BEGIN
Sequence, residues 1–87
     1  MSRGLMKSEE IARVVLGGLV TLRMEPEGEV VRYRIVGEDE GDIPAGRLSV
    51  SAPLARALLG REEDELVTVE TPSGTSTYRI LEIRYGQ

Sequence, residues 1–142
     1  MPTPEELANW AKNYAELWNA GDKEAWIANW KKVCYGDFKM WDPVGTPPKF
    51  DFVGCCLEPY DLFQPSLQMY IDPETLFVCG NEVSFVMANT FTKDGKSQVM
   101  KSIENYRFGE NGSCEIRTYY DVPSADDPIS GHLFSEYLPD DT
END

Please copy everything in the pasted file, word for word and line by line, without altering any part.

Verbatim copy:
Sequence, residues 1–87
     1  MSRGLMKSEE IARVVLGGLV TLRMEPEGEV VRYRIVGEDE GDIPAGRLSV
    51  SAPLARALLG REEDELVTVE TPSGTSTYRI LEIRYGQ

Sequence, residues 1–142
     1  MPTPEELANW AKNYAELWNA GDKEAWIANW KKVCYGDFKM WDPVGTPPKF
    51  DFVGCCLEPY DLFQPSLQMY IDPETLFVCG NEVSFVMANT FTKDGKSQVM
   101  KSIENYRFGE NGSCEIRTYY DVPSADDPIS GHLFSEYLPD DT